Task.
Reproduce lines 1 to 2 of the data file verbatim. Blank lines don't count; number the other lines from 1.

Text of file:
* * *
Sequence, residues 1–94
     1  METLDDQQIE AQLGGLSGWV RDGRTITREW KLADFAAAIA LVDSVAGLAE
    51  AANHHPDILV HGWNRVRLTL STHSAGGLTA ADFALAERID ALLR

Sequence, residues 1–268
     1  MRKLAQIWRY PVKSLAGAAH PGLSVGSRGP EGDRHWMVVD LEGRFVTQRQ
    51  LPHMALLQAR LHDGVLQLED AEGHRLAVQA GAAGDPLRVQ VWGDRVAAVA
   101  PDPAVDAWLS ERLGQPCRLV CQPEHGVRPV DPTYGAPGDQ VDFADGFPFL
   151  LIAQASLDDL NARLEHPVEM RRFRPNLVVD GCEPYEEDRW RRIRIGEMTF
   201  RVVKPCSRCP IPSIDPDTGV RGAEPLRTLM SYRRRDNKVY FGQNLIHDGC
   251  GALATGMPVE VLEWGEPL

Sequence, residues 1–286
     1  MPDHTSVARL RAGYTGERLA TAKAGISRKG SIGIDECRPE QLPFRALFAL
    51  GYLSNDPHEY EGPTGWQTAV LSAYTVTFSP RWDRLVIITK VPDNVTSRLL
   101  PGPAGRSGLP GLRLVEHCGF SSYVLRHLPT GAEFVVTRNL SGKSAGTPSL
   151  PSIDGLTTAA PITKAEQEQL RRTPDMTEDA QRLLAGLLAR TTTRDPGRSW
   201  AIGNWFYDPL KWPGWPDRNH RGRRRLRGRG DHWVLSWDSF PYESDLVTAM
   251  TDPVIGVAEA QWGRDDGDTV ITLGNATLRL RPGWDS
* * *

Sequence, residues 1–94
     1  METLDDQQIE AQLGGLSGWV RDGRTITREW KLADFAAAIA LVDSVAGLAE